Even cooler fashion

The problem for us humans is that getting too warm is frankly more difficult to deal with than getting too cold. If it’s too cold, put something on. If it’s too warm, take something off. We can only ‘take something off’ to the point before someone calls the authorities, so we have to resort to cooling ourselves with appliances. Here’s the thing: even though cooling appliances like central air conditioning, electric fans, wall units, sticking your head in the freezer (don’t judge me) keep us, well, cool, they do require electricity to work. Let’s also not forget that these release a lot of waste heat that can actually warm up an area. A team of researchers, mainly associated with Stanford University, suggest that we could use some better textiles.

Why would we want to make better textiles to cool us off? The human body is actually a good emitter of infrared (IR) radiation, some of which is actually heat. This explains how infrared cameras work, it literally is “heat vision.”

(Wikimedia Commons, CC-BY-SA-30 Unported, author: FredrikT( 2011))

While cotton is nice, breathable, and comfortable (speaking as a T-shirt kind of guy), it actually traps this infrared energy and warms you up. What alternatives could there be? The authors mention polyethylene, which is readily available and does quite a good job with letting IR radiation through. Now for the bad news: it doesn’t circulate air and it’s also transparent to light in the visual spectrum. In other words, it doesn’t breathe (eww) and it’s completely see-through (use your preferred commentary here). What did you expect from material associated with plastic water bottles? It should be noted that polyethylene clothing does exist: it’s Tyvek, which is personal protective gear that would be more associated with a radioactive cleanup than, say, a Starbucks. Well, unless someone spilled their pumpkin spice and plutonium latte, but that’s neither here nor there. We need something that can breathe, lets IR radiation through, but not see-through (like we would want with our everyday clothing, you know?). To that end, the authors suggest ‘nano-PE’, which is still made of polyethylene, but contains pores 50-1000 nanometers wide, much less than the thickness of a human hair. This means that light will essentially scatter within the pores instead of going straight through. Nano-PE should be able to do all three things, but can it?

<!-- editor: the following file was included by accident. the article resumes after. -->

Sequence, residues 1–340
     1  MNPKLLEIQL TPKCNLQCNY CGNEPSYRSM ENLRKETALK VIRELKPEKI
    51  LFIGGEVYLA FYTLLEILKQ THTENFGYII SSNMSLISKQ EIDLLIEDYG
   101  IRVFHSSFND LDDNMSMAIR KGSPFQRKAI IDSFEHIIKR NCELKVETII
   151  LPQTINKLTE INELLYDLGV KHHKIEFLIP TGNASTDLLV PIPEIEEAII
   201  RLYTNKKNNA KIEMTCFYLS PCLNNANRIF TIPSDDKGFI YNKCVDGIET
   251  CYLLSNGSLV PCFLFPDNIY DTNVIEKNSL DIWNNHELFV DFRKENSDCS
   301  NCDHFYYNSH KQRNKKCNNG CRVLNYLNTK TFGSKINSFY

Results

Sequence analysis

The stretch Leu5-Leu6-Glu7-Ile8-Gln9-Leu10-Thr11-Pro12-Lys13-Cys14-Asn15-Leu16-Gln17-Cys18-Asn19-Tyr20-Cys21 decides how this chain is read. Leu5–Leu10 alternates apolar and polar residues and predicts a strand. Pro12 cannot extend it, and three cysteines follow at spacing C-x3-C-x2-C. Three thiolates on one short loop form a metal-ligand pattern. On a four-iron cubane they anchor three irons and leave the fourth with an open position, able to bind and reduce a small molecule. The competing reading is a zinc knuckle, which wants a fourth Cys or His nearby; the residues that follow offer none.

Wikimedia Commons, CC-BY-SA-40, 30, 25, 20, 10, auhor: John S. Jacob (2004)

Half of the paper describes how they analyzed how nano-PE performed against cotton and PE and whether it could do all the stuff I mentioned in the previous paragraph. Nano-PE can indeed let normal human IR radiation pass (they used some kind of heating element that simulated human body heat) since it only raised human body temperature by less than one degree Celsius. They would consider that better cooling than cotton (raises skin temperature by 3.5 degrees) or Tyvek (just under 3 degrees), so that’s one check. Further testing shows that while letting IR radiation through, it doesn’t let visible light through, so you may feel free to wear it without feeling self-conscious about what you’re revealing. You can also feel free to be self-conscious about other things, but that’s totally on you.